Debra J. Saunders

How will the GOP react to President Obama's pick to replace Justice David Souter on the U.S. Supreme Court? Who cares? It doesn't matter what Senate Republicans think of Sonia Sotomayor. The GOP does not have the votes to stop her. Only Democrats -- or Sotomayor herself -- can torpedo the admission of Sotomayor to the Big Bench.

The fascination with the GOP's response to Sotomayor illustrates that Democrats are desperate to make Republican criticism, not Sotomayor, the issue. It's true: Republicans can raise questions about Obama's nominee, but only Democratic answers will determine her fate. So far, they seem to be standing by Obama's preference for a justice with "empathy" -- probably because voters don't see empathy as a bad thing.

And what's not to like in a compelling against-the-odds personal success story? Me? Of course, I would rather not see a very liberal judge on the team, but I also think that a duly elected president has won the power to pick Supreme Court justices. A nominee with Sotomayor's credentials should be assumed competent. The Senate should reject only clearly unfit candidates for this lifetime position.

Now, that's not what Obama thought when he was a senator. "I would support the filibuster of some" of Bush' picks for the federal bench," he wrote in his memoir, "The Audacity of Hope," "if only to signal to the White House the need to moderate its next selections." And: "It behooves a president -- and benefits our democracy -- to find moderate nominees who can garner some measure of bipartisan support."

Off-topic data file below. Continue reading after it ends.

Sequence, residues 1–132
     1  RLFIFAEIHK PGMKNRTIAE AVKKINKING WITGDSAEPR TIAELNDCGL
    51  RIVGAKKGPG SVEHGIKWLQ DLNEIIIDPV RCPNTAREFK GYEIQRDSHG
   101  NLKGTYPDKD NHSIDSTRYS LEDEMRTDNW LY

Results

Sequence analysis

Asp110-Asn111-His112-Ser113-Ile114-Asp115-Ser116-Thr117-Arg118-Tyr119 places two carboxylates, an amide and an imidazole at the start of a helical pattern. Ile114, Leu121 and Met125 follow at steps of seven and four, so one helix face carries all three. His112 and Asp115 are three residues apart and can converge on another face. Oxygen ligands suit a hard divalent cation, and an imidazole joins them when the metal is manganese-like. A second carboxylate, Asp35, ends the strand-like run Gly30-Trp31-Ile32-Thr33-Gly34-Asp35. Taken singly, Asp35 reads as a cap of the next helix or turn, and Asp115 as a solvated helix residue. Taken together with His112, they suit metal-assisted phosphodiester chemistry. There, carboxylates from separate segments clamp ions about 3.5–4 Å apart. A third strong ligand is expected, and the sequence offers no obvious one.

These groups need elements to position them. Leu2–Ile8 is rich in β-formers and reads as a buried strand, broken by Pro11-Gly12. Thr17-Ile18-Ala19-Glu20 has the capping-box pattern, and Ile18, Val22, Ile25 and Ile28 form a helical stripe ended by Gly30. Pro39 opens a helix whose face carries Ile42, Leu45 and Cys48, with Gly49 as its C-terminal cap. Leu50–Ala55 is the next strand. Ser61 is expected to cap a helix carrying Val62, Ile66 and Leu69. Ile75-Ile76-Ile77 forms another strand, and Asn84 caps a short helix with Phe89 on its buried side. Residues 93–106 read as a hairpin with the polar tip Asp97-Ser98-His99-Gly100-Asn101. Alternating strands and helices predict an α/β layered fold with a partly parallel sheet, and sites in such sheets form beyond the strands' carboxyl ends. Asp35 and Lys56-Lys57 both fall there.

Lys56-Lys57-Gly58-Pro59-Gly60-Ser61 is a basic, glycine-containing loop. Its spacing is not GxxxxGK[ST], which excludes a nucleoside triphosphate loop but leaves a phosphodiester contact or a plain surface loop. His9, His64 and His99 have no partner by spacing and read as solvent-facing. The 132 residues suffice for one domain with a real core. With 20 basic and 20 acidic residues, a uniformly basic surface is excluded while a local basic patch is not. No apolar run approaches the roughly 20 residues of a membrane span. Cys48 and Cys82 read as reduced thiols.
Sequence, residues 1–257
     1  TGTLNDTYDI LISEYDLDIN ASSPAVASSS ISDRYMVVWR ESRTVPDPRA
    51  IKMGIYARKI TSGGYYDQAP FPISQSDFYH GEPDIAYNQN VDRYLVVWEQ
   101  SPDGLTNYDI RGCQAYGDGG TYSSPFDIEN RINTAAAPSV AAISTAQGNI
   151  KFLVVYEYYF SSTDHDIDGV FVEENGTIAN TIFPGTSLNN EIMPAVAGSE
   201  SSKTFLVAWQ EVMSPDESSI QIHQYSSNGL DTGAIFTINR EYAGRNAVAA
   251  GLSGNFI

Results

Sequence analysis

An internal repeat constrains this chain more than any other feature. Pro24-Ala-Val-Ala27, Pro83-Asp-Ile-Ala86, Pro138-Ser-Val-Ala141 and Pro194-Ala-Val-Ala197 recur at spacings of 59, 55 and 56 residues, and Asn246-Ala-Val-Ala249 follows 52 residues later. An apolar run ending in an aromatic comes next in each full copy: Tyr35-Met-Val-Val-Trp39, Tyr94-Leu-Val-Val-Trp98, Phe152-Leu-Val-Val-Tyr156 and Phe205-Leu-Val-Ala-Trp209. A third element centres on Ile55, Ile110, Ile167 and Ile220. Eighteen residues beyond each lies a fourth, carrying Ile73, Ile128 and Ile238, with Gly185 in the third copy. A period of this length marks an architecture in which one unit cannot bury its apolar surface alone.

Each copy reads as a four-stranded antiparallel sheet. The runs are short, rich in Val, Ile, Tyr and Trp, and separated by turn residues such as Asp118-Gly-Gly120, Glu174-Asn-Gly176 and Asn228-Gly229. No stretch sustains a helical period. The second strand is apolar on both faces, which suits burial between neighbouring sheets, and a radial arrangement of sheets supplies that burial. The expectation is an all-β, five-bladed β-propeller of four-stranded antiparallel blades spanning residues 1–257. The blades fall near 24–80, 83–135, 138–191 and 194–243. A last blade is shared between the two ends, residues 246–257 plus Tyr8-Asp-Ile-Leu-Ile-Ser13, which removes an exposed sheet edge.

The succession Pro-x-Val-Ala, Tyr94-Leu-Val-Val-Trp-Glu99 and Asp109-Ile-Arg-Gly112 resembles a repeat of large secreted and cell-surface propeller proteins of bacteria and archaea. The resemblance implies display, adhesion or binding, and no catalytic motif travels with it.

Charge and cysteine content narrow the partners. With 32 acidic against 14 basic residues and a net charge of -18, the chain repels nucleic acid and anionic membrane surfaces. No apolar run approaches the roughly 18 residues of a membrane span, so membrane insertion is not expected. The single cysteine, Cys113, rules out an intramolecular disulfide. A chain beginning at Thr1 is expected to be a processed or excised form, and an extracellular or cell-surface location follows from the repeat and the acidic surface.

His support for moderation notwithstanding, Obama voted against Chief Justice John G. Roberts (who won 78 Senate votes) and Justice Samuel A. Alito Jr. (58 votes). Ditto Sen. Dianne Feinstein, D-San Francisco, who complained that she did not know where Roberts stood on abortion. Be it noted that top Democrats have voted against qualified candidates.

Veep Joe Biden wrote in his memoir, "Promises to Keep," that he felt he could fight the (ultimately failed) nomination of Robert Bork because, "An ideologically driven nominee who was chosen for his willingness to overturn settled precedent would invite a divisive and unnecessary fight."

Let the record show that top Democrats recognize the legitimacy in opposing overly ideological judges on the Big Bench.

Debra J. Saunders

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